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Personalization & Adaptivity

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Presented to IMS Global Conference, San Diego, 2013

Published in: Education, Technology

Personalization & Adaptivity

  1. 1. Turning Data into PersonalizedStudent ExperiencesGeorge Siemens, PhDMay 14, 2013Presented toIMS Global
  2. 2. Technique:Baker and Yacef (2009) five primary areas ofanalysis:- Prediction- Clustering- Relationship mining- Distillation of data for human judgment- Discovery with models
  3. 3. Application: Bienkowski, Feng, and Means(2012)five areas of LA/EDM application:- Modeling user knowledge, behavior, and experience- Creating profiles of users- Modeling knowledge domains- Trend analysis- Personalization and adaptation
  4. 4. LA approach ExampleTechniquesModeling Attention metadataLearner modelingBehavior modelingUser profile developmentRelationship Mining Discourse analysisSentiment analysisA/B TestingNeural networksKnowledge Domain Modeling Natural language processingOntology developmentAssessment (matching user knowledge withknowledge domain)Siemens 2013: Adapted from Bienkowski et al, 2012, Baker & Yacef, 2009, Baker & Siemens 2013
  5. 5. LA approach ExampleApplicationsTrend Analysis and Prediction Early warning, risk identificationMeasuring impact of interventionsChanges in learner behavior, course discussions,identification of error propagationPersonalization/AdaptivelearningRecommendations: content and socialconnectionsAdaptive content provision to learnersAttention metadataStructural analysis Social network analysisLatent semantic analysisInformation flow analysisSiemens 2013: Adapted from Bienkowski et al, 2012, Baker & Yacef, 2009, Baker & Siemens 2013
  6. 6. Context
  7. 7. The Conference Board& McKinsey & Co
  8. 8. McKinsey Quarterly, 2012
  9. 9. Increasing diversityof student profilesThe U.S. is now in a position when less thanhalf of students could be considered fulltimestudents. In other words, students who canattend campus five days a week nine-to-five,are now a minority.(Bates, 2013)
  10. 10. Increasingly: learning acrosstraditional boundaries(i.e. work, outside of classroom, hobby)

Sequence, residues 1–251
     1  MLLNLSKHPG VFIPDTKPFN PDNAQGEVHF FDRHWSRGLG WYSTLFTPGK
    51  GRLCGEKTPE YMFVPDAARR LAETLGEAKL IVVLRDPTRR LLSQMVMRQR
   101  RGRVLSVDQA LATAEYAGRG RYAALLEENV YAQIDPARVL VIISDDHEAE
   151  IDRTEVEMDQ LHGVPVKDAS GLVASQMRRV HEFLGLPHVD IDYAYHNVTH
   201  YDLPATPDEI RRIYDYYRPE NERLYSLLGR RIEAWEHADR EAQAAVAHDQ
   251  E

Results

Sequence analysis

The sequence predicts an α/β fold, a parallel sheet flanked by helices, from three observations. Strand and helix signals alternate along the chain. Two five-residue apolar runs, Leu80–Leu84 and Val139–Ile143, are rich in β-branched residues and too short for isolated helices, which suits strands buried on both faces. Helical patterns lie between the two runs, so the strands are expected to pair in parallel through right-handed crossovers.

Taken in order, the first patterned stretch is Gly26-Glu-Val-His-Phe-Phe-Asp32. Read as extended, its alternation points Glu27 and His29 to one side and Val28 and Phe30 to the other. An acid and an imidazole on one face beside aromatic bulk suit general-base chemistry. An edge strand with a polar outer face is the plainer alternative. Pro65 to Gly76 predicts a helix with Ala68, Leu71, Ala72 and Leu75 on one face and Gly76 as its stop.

11. 11. Ok, on to adaptivity, personalization
  12. 12. LA approach ExampleApplicationsTrend Analysis andPredictionEarly warning, risk identificationMeasuring impact of interventionsChanges in learner behavior, course discussions,identification of error propagationPersonalization/AdaptivelearningRecommendations: content and socialconnectionsAdaptive content provision to learnersAttention metadataStructural analysis Social network analysisLatent semantic analysisInformation flow analysisSiemens 2013: Adapted from Bienkowski et al, 2012, Baker & Yacef, 2009, Baker & Siemens 2013Personalization as the holy grail of learning
  13. 13. (btw – this isn’t new)Rich, 1979All those CMU folksFischer, 2001
  14. 14. How does it work?
  15. 15. First, a knowledge domain ismapped
  16. 16. http://www.plosone.org/article/info:doi/10.1371/journal.pone.0004803
  17. 17. http://drunks-and-lampposts.com/2012/06/13/graphing-the-history-of-philosophy/
  18. 18. http://drunks-and-lampposts.com/2012/06/13/graphing-the-history-of-philosophy/
  19. 19. http://linkeddata.org/
  20. 20. (again, not new)Novak, 1990 (concept mapping)Semantic web: Berners-Lee, Hendler,Lassila, 2001Brusilovsky, 2001
  21. 21. Next, the learner ismodeled/profiled
  22. 22. Cognitive stylesCognitive modelsLearning preferences (by various criteria)Tutors (cognitive, intelligent)
  23. 23. (Also, not new)Anderson, Corbett, Koedinger, Pelletier,1995That shady learning styles literatureBurns, 1989
  24. 24. Knowledge domain +learner profile/knowledge +?= Personalization!The ? varies: from algorithms to pixie dust to chicken bones
  25. 25. State of Wisconsin, 2012
  26. 26. State of Wisconsin, 2012
  27. 27. So, what about creativeprocesses?AI/ML/analytics aren’t usefulhere, are they?
  28. 28. “We’ve been interested in pushingcomputing to a new direction, computationalcreativity. We’re trying to draw on datasets, not just to make inferences about theworld, but to create new things you’venever seen”Lav Varshney on Watsonhttp://www.fastcodesign.com/1672444/try-a-recipe-devised-by-ibms-supercomputer-chef
  29. 29. “An Ecuadorian strawberry dessert algorithmicallymaximized for pleasantness”http://www.fastcodesign.com/1672444/try-a-recipe-devised-by-ibms-supercomputer-chef
  30. 30. “For as much as $20,000 per script…a team of analystscompare the story structure and genre of a draft script withthose of released movies, looking for clues to box-officesuccess.”
  31. 31. The need to sensemake
  32. 32. Sensemaking“Sensemaking is a motivated, continuouseffort to understand connections . . . in orderto anticipate their trajectories and acteffectively”(Klein et al. 2006)
  33. 33. or“Sensemaking is about labeling andcategorizing to stabilize the streaming ofexperience”(Weick et al. 2005: 411)
  34. 34. We socially sensemake throughstories, narratives, knowledgeexchange, discourse
  35. 35. We turn to technical approacheswhen the data exceeds ourcapacity to create social discoursearound itBut, in fairness, once we technically sensemake, we turn to narrative to share
  36. 36. Adaptivity/Personalizationaddresses these quadrants
  37. 37. The future of work is inthese quadrants
  38. 38. LA interoperability
  39. 39. Open Learning Analytics
  40. 40. 47
  41. 41. Twitter/Gmail:gsiemens

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